Unfortunately, there is, so far as I can see, no possible way to enforce an injunction against pettiness or malicious intent. Nor should we want to try, because that would require a rather active form of thought policing. After all, who gets to decide what was in my head when I set out to replicate someone else’s study? Do we really want editors or reviewers passing judgment on whether an author’s motives for conducting a study were pure–and using that as a basis to discount the actual findings reported by the study? Does that really seem to Fiske like a good way to improve the tone of scientific discourse?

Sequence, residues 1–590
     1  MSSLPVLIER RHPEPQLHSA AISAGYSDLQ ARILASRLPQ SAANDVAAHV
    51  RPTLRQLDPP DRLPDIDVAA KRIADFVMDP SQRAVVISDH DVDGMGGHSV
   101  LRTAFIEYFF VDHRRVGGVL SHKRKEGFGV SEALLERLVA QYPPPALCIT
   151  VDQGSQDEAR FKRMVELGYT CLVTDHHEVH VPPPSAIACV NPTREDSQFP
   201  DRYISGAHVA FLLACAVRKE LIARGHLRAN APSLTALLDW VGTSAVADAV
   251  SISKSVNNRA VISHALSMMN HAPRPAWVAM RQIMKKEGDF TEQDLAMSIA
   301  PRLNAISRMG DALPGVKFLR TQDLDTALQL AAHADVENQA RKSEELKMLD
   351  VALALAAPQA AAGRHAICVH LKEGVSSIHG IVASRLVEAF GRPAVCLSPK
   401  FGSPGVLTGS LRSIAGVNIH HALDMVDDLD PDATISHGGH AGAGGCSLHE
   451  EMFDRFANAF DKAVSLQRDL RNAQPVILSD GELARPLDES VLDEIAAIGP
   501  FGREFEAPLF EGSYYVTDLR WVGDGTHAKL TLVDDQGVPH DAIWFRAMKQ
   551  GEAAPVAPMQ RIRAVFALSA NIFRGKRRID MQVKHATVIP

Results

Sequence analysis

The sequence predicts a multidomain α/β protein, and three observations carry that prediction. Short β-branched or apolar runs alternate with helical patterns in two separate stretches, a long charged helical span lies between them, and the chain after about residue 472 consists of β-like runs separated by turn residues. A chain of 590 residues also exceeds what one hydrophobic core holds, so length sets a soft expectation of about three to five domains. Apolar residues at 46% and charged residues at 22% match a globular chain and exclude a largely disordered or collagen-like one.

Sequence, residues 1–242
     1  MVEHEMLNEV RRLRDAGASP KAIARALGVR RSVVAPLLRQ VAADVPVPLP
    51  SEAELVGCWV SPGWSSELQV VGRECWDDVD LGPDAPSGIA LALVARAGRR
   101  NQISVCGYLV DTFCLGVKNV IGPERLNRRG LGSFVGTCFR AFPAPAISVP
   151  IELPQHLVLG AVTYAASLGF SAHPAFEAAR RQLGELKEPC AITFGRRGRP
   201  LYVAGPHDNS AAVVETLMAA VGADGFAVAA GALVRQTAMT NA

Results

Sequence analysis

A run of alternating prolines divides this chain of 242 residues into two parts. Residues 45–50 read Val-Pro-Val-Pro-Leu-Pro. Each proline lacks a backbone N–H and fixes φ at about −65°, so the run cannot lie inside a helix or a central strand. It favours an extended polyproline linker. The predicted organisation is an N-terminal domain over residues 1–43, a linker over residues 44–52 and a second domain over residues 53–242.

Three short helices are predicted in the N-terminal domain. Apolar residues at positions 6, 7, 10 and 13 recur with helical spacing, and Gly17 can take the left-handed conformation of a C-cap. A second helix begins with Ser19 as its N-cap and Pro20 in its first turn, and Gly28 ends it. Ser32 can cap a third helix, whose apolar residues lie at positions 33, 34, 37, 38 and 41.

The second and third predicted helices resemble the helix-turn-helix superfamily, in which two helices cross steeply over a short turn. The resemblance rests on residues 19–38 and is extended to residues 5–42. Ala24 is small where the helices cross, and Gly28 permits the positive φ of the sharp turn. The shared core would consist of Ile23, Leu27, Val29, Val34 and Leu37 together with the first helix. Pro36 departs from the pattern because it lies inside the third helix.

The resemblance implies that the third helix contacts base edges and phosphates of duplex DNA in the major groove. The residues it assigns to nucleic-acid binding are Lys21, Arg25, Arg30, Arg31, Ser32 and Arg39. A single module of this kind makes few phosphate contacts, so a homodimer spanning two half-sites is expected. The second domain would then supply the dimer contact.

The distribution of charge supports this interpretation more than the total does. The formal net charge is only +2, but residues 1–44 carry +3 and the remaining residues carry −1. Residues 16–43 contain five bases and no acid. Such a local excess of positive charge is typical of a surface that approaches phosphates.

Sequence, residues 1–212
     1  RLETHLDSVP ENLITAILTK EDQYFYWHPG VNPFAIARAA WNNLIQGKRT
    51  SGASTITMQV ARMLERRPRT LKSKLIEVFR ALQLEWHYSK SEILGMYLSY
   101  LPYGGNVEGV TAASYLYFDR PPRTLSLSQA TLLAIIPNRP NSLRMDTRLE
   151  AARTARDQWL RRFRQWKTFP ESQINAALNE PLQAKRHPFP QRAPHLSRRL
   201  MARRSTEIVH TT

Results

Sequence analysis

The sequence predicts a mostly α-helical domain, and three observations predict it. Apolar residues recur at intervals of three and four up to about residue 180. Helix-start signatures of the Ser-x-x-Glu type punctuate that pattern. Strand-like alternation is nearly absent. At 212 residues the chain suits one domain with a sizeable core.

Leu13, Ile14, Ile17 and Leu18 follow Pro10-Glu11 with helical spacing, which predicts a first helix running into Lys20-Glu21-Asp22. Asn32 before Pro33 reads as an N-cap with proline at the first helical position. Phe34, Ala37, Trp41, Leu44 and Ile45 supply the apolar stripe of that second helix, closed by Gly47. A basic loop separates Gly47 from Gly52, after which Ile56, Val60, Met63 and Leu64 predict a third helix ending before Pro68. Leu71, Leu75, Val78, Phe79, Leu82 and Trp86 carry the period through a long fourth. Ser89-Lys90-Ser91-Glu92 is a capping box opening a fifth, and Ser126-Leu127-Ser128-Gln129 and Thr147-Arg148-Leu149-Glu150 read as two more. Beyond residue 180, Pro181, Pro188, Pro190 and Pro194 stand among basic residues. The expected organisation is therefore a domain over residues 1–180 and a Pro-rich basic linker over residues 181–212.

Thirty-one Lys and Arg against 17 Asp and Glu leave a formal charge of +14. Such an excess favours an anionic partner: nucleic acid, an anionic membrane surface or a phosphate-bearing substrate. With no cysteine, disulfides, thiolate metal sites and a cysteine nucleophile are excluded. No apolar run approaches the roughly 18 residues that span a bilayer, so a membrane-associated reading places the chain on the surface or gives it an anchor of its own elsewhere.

For better or worse, researchers do not–and cannot–have any right not to fear being “targeted” by other scientists–no matter what the motives in question may be. To the contrary, I would argue that a healthy fear of others’ (possibly motivated) negative evaluations is a largely beneficial influence on the quality of our science. Personally, I feel a not-insubstantial amount of fear almost any time I contemplate the way something I’ve written will be received by others (including these very words–as I’m writing them!). I frequently ask myself what I myself would say if I were reading a particular sentence or paragraph in someone else’s paper. And if the answer is “I would criticize it, for the following reasons…”, then I change or remove the offending statement(s) until I have no further criticisms. I have no doubt that it would do great things for my productivity if I allowed myself to publish papers as if they were only going to be read by friendly, well-intentioned colleagues. But then the quality of my papers would also decrease considerably. So instead, I try to write papers as if I expect them to be read by a death panel with a 90% kill quota. It admittedly makes writing less fun, but I also think it makes the end product much better. (The same principle also applies when seeking critical feedback on one’s work from others: if you only ever ask friendly, pleasant collaborators for their opinion on your papers, you shouldn’t be surprised if anonymous reviewers who have no reason to pull their punches later take a somewhat dimmer view.)